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printed April 27, 2015
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Best Buy Breaks With MCX, Will Accept Apple Pay

Today, 4:58 PM   by Eric M. Zeman   updated Today, 5:03 PM

Best Buy today announced plans to begin accepting Apple Pay later this fall. The move is notable because the company is essentially breaking ranks with MCX (Merchant Customer Exchange), which was looking to debut its own mobile payment service called CurrentC. MCX retailers include Target and Walmart, two of the largest in the US, as well as CVS and Rite-Aid. Earlier today, Apple won the support of Discover Cards, the third-largest payment network after Visa and MasterCard. Apple Pay has made significant progress in winning over support from varied retailers and financial institutions. Best Buy also said iPhone 6 and iPhone 6 Plus owners can use Apple Pay to make payments within the Best Buy mobile app beginning today.

Microsoft Loses Patent Case to InterDigital

Today, 2:56 PM   by Eric M. Zeman

The International Trade Commission today ruled Microsoft improperly used two InterDigital wireless patents without permission. The ruling judge said "it would not be against the public interest to ban the Microsoft [phones] from import into the United States." Patent-related complaints are often taken to the ITC, which has the power to enact such bans. This initial ruling, made by a single judge within the ITC, must be upheld by the full commission before any sort of penalty is enforced. InterDigital is a patent-holding firm and has filed similar suits against other phone makers, including ZTE and Samsung. Microsoft did not immediately comment on the decision.

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Facebook Brings Free Video Calls to Messenger App

Today, 1:04 PM   by Eric M. Zeman

Facebook today said users of its Messenger application will soon be able to make free video calls to one another. The feature can be initiated with a single button and works over LTE 4G or WiFi. Video calls can be connected between Android and iOS devices with no problem. Facebook's Messenger app is already able to connect voice calls. The addition of video calls makes Messenger a more complete competitor with the likes of Skype, FaceTime, and Google Hangouts. Video calls will be available to the Android and iOS versions of Messenger in the days ahead. The feature is launching in select countries, including Belgium, Canada, Croatia, Denmark, France, Greece, Ireland, Laos, Lithuania, Mexico, Nigeria, Norway, Oman, Poland, Portugal, the U.K., the U.S., and Uruguay. Facebook said the feature will reach other regions and locales over the coming months.

Instagram Adds Filters and Emoji to Android and iOS Apps

Today, 12:34 PM   by Eric M. Zeman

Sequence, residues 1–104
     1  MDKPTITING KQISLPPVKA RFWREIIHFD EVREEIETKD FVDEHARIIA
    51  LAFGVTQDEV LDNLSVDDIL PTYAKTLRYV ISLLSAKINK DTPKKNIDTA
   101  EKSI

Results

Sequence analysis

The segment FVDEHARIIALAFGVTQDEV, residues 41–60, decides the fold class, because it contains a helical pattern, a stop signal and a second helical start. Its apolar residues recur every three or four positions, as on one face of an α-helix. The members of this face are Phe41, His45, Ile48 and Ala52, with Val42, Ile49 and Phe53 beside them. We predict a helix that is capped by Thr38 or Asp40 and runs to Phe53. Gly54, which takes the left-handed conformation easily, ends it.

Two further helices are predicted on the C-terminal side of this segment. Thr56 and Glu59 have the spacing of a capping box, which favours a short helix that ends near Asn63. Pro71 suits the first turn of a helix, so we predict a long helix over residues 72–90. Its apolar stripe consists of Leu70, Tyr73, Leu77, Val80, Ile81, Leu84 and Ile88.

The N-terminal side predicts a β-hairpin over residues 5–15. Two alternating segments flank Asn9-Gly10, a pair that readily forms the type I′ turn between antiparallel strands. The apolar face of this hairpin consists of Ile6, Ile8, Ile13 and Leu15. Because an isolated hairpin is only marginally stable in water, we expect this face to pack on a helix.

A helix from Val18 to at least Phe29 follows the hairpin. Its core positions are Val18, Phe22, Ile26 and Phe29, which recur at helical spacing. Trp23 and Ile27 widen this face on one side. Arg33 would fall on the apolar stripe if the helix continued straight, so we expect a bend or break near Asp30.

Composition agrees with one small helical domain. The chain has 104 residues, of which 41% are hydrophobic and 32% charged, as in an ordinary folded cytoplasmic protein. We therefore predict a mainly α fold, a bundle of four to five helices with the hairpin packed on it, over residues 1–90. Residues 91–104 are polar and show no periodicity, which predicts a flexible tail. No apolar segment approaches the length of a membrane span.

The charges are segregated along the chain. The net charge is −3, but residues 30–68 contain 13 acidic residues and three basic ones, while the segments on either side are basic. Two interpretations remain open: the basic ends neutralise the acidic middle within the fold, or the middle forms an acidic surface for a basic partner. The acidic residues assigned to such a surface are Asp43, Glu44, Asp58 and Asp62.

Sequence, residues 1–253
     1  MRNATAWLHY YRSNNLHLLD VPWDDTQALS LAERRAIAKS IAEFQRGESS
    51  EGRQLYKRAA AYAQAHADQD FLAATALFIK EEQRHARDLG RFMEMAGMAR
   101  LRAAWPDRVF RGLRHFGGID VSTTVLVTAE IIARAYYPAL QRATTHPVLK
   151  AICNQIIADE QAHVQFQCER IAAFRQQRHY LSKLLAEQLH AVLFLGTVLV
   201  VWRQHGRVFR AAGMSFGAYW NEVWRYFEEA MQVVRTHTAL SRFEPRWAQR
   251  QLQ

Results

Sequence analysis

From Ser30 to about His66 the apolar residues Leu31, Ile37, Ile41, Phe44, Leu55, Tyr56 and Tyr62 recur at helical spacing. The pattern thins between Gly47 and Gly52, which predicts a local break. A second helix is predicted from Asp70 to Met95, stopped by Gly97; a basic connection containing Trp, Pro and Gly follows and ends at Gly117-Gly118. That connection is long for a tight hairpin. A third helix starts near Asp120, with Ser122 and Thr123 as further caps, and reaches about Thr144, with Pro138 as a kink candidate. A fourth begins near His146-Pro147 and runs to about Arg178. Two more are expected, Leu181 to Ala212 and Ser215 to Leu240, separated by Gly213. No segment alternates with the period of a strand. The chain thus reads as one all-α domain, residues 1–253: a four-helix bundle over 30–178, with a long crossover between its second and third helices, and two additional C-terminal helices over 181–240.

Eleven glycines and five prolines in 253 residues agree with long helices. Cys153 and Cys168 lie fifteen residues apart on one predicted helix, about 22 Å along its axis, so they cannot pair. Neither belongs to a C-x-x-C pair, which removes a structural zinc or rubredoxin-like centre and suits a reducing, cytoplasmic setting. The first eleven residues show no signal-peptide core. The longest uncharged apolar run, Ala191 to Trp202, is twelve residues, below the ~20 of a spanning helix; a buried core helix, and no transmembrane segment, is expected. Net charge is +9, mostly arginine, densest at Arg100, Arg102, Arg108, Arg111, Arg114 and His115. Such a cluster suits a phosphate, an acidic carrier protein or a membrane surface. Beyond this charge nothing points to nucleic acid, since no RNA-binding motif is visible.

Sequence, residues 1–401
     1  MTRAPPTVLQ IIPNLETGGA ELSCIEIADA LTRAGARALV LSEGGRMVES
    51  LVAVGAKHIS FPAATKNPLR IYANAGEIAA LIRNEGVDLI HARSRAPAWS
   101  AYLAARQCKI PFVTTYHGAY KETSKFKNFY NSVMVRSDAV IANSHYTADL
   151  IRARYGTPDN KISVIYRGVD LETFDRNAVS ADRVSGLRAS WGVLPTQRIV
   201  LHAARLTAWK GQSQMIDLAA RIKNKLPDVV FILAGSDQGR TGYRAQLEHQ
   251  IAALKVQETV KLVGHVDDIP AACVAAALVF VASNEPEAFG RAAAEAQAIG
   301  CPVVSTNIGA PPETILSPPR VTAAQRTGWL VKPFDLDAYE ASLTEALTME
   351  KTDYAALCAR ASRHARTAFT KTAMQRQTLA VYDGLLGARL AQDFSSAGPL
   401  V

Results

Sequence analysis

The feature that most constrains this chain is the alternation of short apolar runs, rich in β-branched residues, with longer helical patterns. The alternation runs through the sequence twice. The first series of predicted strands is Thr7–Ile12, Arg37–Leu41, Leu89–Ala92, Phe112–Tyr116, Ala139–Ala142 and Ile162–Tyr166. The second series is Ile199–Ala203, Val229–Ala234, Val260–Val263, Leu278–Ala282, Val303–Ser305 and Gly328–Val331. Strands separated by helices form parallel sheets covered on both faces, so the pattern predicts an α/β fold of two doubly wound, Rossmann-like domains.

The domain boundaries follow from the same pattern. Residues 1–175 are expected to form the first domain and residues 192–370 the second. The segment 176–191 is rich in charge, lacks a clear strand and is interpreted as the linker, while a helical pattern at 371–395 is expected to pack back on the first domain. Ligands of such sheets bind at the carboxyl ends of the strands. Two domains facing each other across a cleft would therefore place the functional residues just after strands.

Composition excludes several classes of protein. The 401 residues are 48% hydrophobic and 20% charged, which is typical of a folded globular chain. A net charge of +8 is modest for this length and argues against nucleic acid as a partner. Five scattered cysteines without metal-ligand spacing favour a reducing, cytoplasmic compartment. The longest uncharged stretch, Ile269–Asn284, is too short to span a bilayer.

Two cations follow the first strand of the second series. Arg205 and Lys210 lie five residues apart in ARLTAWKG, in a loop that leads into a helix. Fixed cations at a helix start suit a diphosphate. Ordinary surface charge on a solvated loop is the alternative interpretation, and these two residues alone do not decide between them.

Instagram today updated its Android and iOS apps with several new filters and support for emoji hashtags. The new filters are called Lark, Reyes, and Juno and join five filters Instagram added in December. According to Instagram, Lark desaturates reds and enhances blues and greens to improve landscapes. Reyes goes for vintage style photos, and Juno adds green tinting that Instagram says improves photos of people. The photo-sharing social network also said its app now supports emoji hashtags for adding more means of self expression. Instagram said its Android and iOS apps should be available from the Play Store and iTunes App Store in the days ahead.

Wireless Companies Form Alliance to Pressure FCC

Today, 11:52 AM   by Eric M. Zeman

A handful of wireless companies and public policy groups have formed an alliance meant to pressure the FCC as it drafts rules for the upcoming 600MHz reverse spectrum auction. The alliance is called Some of the companies include Sprint, T-Mobile, and Dish Networks, and some of the groups include the Competitive Carrier Association, Public Knowledge, Rural Wireless Association, among numerous others. The alliance hopes the FCC will hold the auction in early 2016, rather than mid-2016; and it wants a larger block of spectrum (at least 50%) reserved for smaller carriers. The alliance web site urges consumers to "stop AT&T and Verizon Wireless from controlling your wireless future," which it claims will lead to bad service, higher prices, and less innovation. In the most recent spectrum auction most of the winnings went to AT&T, Dish Networks, and Verizon Wireless. Sprint and T-Mobile have argued for a long time that the two largest carriers have too much market power, necessitating the need for the FCC to provide more opportunities for smaller carriers. "Creating an adequate reserve of quality spectrum for companies who don't already own more than one-third of the low-band spectrum in any given market will go a long way toward leveling the playing field for a competitive market that will benefit consumers for decades to come," said the group.